6 6 The subnet mask for this situation should include the subnet addressing bits as part of the portion of the IP address that indicates which bits address the particular company/organization. As such, the subnet mask should be constructed (initially in binary) as follows: = high-order address bits to address 3 bits 5 bits to the company/organization to address address the the host subnet Note that (binary) = = 224 (base 10) From the binary representation of the subnet mask we can see that the high-order 24 bits of the IP address specify this particular company/organization and that the low-order 8 bits of the IP address for this particular company/organization specify a particular subnet and host within that subnet. This type of subnet mask is termed a classless subnet mask (and not classful ). Note that there are only certain values that can be used as a subnet mask value within a given octet. These values are: 255, 254, 252, 248, 240, 224, 192, 128, and 0. These specific values are a result of the fact that the 8 bits of an octet, when used as a subnet mask, must either be all 1 s, all 0 s, or have some number of leading 1 s followed by trailing 0 s. The binary/decimal values are given below: (binary) = 255 (base 10) (binary) = 254 (base 10) (binary) = 252 (base 10) (binary) = 248 (base 10) (binary) = 240 (base 10) (binary) = 224 (base 10) (binary) = 192 (base 10) (binary) = 128 (base 10) (binary) = 0 (base 10) Another method for conveying the same information about which bits in an IP address are for addressing the company/organization/subnet (i.e., network ID and subnet) and which bits address a particular host within that organization is known as CIDR-slash notation where CIDR means Classless Inter-Domain Routing. Below is an example of CIDR-slash notation: / 22 The 22 signifies that the high-order 22 bits of the IP address are the network ID/subnet address (and, therefore, the low-order 10 bits (i.e., = 10) address the host) Note that the dividing line between the network ID/subnet addressing and the host ID addressing is in the third octet (i.e., the host ID addressing is the low-order 10 bits of the IP address). To illustrate this, the IP address will be re-expressed with the third octet being in binary: (The third octet is expressed in binary: Network ID/ Host ID (binary) = = 152 (base 10)) Subnet (10 bits) Address (22 bits)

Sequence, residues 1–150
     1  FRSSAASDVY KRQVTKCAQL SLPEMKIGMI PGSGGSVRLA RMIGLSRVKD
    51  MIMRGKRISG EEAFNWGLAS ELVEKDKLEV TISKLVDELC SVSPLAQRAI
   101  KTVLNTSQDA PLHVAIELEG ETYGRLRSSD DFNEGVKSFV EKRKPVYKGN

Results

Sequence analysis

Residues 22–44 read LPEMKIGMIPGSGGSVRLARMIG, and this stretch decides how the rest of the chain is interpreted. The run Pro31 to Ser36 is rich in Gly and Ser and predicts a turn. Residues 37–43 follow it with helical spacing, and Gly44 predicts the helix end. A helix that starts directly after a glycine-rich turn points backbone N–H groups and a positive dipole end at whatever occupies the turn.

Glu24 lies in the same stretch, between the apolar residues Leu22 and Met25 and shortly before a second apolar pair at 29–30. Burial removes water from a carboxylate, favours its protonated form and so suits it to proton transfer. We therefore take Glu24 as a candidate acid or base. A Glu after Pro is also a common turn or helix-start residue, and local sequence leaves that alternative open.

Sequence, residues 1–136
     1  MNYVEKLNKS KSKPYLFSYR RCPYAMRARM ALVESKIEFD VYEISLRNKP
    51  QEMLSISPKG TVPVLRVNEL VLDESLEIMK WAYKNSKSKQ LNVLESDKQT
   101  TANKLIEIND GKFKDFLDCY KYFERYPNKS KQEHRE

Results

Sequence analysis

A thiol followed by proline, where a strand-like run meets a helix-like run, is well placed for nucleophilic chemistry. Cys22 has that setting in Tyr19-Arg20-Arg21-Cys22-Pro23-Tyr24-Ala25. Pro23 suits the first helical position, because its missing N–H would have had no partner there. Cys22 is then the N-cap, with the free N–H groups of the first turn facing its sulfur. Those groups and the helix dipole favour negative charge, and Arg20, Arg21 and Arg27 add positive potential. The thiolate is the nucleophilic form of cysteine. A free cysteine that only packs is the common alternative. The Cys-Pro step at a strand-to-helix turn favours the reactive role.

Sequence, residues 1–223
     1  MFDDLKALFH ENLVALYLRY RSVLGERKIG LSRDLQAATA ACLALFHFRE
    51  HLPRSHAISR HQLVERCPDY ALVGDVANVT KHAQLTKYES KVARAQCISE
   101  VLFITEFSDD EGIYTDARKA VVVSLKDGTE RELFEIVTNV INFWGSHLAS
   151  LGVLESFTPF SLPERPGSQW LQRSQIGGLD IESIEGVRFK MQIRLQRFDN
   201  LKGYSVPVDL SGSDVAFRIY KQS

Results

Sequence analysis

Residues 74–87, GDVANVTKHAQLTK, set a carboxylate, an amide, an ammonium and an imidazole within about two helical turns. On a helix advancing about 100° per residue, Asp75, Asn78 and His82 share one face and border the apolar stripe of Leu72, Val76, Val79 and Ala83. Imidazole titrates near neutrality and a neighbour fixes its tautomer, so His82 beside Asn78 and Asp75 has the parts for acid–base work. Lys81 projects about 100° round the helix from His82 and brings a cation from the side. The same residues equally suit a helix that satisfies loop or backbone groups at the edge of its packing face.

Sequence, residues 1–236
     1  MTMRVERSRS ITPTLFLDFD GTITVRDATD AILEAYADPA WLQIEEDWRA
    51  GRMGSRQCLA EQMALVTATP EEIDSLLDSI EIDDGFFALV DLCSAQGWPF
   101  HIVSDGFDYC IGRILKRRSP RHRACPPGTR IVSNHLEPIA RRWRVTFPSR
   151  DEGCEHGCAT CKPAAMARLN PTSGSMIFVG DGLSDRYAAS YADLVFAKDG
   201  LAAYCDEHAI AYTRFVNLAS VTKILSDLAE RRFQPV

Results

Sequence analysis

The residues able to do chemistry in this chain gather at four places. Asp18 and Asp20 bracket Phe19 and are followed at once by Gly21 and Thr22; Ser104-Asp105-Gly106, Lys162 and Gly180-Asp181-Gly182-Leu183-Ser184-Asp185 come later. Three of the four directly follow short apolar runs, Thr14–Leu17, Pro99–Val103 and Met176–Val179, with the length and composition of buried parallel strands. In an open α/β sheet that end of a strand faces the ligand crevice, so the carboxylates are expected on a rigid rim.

7 7 Packets: Most all computer networks, including the Internet, divide a message into individual packets and then transmit the individual packets, one-by-one through the network. In fact, the individual packets that comprise a message may follow different paths (often known as links ) through the network to their destination when there are multiple links between the source of the packet and the packet s destination. When a network router receives a packet, the router then looks at its routing table (properly known as a Routing Information Table (RIT)) to determine all the appropriate links from that router for forwarding the packet onward to, or at least towards, its destination. Each of these links, to and from a router, is connected to the router through a port where any given port on a router will be connected, though a link, to another device, such as another router, a switch, a host, etc. The router then transmits the packet onto the least busy port among the acceptable ports. Any given network (or subnet within a network) can transport a packet only if the size of the packet does not exceed that network s MTU (maximum transmission unit) size (typically a value between 128 bytes and 10,000 bytes). When a router receives a packet and wants to forward that packet onto a particular port (based upon its routing table), it must first verify that the packet size does not exceed the MTU of that port s network link. If the packet size exceeds the MTU of that link, then the router must fragment the packet into two or more packets such that none of the new packets exceeds the MTU of that link. There are two main protocols for sending packets from an application program on one node of the Internet to an application program on another node of the Internet. These two protocols are known as Transmission Control Protocol (TCP) and User Datagram Protocol (UDP). Note that IP (Internet Protocol) only deals with transferring packets from one node on the Internet to another node on the Internet IP does not deal with talking directly to an application program. The Internet itself is a connectionless network (i.e., packets from one node to another node do not necessarily follow the same links from the source node to the destination node and, therefore, the packets may arrive out-of-order). However, most application programs, that communicate over the Internet, expect the data that is sent over the Internet to arrive at the destination application program in the order that the data was sent from the source application. TCP is a protocol that, in effect, establishes a connection (technically known as a socket ) from an application program on one node of the Internet to an application program on another node of the Internet. The TCP layer deals with re-assembling the received packets into their original order and requesting the re-transmission of any missing or damaged packets. TCP implements the transport layer in the OSI seven-layer model for network communications. For each TCP packet transmitted over a network, the final destination of the packet must send an acknowledgment packet back to the initial source of the packet so that the source knows that the packet has been properly received. A few application programs, on the other hand, are receiving information on a real-time basis (e.g., VoIP (Voice over Internet Protocol), streaming video, and on-line Internet gaming) and cannot tolerate the time delay involved in re-ordering any packets that arrive out-of-order or requesting the re-transmission of any missing or damaged packets. These types of application programs use the User Datagram Protocol (UDP) which discards packets that have been received significantly out-of-order as well as damaged packets. UDP also implements the transport layer in the OSI seven-layer model for network communications, but for application programs that can/must tolerate missing or damaged data. For UDP-type packets, the final destination for any packet does not send an acknowledgment packet back to the initial source of the packet (unlike TCP-type packets).